This ruling doesn’t change the basic calculation, that plaintiffs’ lawyers could take these cases on contingency and win their fees for a successful 512(g) complaint — it’s just under a different provision in the Copyright Act. Even regular copyright has a fee-shifting provision different from the standard “American rule” that parties bear their own fees and costs.

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February 26, 2010

Berkman Buzz

This week’s Berkman Buzz

  • Ethan Zuckerman problematizes censorship circumvention systems:
    link

  • Chilling Effects witnesses the Microsoft/Cryptome collision:
    link

  • Donnie Dong on China’s newest website registration requirement:
    link

  • Has the CMLP found a new test for Section 230 of the CDA?
    link

  • ProjectVRM surfaces a conversation on geocasting:
    link

  • danah boyd shares her perspective on Chatroulette:
    link

  • Weekly Global Voices: “Macedonia: Grassroots Effort to Preserve Folk Music Online”
    link

  • Dan Gillmor insists on journalism as ecosystem:
    link

  • Christian Sandvig kvetches about video game criticism:
    link

  • A year ago in the Buzz: “Join the herd!”
    link

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From circles to networks

Just a terminological note:

Over the past decade, we’ve gone from talking about social circles to social networks. A circle draws a line around us. Networks draw lines among us.

(Yet more evidence — as if we needed it — that networks are the new paradigm. Bye bye, Information Age!)

13 Comments »

February 25, 2010

7.5 hours later

I watched virtually all of the health care summit, even though I initially intended to watch the beginning and then get some damn work done. Some random responses:

  • Obama kept the tone right. He continues to model democracy for us: People disagreeing but still treating one another with respect. The biggest lesson of the Obama presidency so far for me is what it looks like to consistently treat people with dignity.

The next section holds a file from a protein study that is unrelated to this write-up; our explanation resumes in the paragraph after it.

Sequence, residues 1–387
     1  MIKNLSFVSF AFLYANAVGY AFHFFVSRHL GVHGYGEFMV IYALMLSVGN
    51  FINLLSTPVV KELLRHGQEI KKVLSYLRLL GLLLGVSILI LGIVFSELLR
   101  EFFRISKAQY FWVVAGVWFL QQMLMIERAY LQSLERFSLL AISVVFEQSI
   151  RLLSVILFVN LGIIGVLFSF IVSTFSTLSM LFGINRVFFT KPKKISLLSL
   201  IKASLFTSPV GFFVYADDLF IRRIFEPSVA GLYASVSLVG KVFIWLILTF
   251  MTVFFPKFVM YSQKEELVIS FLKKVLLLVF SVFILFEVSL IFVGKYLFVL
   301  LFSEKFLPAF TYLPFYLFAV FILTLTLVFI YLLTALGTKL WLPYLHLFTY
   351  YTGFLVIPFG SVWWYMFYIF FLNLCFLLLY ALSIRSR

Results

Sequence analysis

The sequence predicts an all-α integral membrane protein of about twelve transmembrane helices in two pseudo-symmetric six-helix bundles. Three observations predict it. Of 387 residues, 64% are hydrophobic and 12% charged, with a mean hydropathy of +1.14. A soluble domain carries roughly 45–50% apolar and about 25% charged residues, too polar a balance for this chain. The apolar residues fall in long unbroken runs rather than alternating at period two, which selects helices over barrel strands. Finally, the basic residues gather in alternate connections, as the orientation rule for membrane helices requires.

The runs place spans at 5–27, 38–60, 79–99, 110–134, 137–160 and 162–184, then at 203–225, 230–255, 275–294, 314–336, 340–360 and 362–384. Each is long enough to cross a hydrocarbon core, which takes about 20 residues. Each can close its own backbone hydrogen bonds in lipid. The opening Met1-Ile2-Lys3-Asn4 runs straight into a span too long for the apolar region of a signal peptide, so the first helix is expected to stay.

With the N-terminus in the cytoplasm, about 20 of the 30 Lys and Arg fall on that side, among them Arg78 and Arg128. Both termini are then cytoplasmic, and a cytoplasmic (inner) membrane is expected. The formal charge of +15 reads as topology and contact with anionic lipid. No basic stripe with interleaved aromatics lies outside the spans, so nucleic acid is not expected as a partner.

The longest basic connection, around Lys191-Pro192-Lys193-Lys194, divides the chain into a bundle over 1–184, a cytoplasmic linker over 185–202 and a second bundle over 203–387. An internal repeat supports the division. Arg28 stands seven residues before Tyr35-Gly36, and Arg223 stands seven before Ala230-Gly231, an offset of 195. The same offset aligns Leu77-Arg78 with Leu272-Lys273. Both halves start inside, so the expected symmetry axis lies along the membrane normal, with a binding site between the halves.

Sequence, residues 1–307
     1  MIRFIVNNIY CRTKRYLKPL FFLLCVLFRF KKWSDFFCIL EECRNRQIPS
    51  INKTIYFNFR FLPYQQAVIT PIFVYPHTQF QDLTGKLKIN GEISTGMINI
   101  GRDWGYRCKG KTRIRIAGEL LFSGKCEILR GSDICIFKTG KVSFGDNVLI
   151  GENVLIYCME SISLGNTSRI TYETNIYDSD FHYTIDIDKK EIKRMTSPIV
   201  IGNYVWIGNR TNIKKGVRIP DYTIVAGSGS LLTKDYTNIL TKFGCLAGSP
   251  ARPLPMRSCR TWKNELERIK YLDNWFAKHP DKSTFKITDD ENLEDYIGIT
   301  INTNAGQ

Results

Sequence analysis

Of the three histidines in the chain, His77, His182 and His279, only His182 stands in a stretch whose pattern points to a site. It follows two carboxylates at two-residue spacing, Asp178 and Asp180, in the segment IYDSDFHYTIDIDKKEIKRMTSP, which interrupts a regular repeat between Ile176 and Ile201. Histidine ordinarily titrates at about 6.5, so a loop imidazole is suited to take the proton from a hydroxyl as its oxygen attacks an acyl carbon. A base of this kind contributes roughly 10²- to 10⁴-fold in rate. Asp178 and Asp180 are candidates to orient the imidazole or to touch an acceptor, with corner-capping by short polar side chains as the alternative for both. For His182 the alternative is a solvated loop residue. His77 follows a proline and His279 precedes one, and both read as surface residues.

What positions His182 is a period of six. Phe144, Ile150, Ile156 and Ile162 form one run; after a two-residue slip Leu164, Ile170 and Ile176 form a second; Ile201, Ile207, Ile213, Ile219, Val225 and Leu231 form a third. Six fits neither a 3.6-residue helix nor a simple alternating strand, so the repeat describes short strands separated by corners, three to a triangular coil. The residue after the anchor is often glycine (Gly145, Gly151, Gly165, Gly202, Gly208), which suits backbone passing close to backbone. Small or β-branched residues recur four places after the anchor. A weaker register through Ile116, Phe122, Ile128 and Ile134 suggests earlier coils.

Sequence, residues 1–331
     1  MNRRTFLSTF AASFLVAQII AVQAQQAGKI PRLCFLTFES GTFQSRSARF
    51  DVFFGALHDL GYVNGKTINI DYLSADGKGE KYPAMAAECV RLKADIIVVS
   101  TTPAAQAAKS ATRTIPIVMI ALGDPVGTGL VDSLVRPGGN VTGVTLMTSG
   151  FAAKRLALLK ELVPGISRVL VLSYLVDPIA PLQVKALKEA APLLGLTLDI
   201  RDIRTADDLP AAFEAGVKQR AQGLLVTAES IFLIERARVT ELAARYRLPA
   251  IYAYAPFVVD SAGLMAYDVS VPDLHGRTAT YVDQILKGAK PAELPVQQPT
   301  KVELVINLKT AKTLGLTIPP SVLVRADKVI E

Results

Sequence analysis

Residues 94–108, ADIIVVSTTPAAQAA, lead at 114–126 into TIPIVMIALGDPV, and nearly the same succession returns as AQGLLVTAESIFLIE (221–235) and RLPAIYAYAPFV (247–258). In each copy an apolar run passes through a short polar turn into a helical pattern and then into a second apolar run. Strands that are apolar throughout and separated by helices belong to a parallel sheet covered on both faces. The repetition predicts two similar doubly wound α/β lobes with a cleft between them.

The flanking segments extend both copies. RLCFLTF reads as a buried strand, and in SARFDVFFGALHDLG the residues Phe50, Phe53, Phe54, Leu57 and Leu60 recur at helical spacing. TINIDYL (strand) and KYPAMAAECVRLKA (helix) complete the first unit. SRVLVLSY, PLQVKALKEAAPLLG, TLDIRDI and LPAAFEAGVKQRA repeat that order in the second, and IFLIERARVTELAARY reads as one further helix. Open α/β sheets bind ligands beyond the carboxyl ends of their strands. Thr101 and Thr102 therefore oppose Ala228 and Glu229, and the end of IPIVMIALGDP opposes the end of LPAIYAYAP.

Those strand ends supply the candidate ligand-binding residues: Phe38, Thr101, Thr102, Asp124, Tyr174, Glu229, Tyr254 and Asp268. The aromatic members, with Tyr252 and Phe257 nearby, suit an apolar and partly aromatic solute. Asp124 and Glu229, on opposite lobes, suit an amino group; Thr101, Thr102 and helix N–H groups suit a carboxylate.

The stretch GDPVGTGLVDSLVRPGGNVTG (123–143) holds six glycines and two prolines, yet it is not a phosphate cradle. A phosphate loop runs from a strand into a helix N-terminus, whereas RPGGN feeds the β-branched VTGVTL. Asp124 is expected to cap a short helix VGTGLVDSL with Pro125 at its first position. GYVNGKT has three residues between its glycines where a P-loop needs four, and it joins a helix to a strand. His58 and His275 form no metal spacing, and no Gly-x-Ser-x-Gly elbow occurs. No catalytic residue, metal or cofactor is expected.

• Overall (i.e., there were certainly exceptions), the Democrats tried to find areas of agreement, while the Republicans pointed to areas of disagreement.

  • Overall, the higher up in the party leadership you were, the more likely you were to waste our time repeating talking points. (Not true for the President and Vice President.)

  • We ought to have a rule: no more anecdotes. We really don’t need to hear about relatives and constituents who were treated well or badly. It proves nothing. We already know the stakes are real and high. Now we need a policy.

  • The Republicans are better at staying on message. I wish the Democrats had responded to the Republican call for a “step by step” policy and “starting over” by saying “Give us an up-or-down vote on health care reform, and if it loses, we’ll start over and go step by step.” An “up-or-down vote” is the old Republic talking point that means a vote with a simple majority.

  • I was glad to see some of the Democrats push back against the Republicans’ ridiculous attempt to tell us that the Founding Fathers wanted a 60-vote majority in the Senate.

  • I think the Republicans came off well. A whole bunch of ideas that I thought were crazy I now think are merely wrong. Seriously. It was good to hear their thinking laid out, starting with Lamar Alexander, who I thought did an excellent job.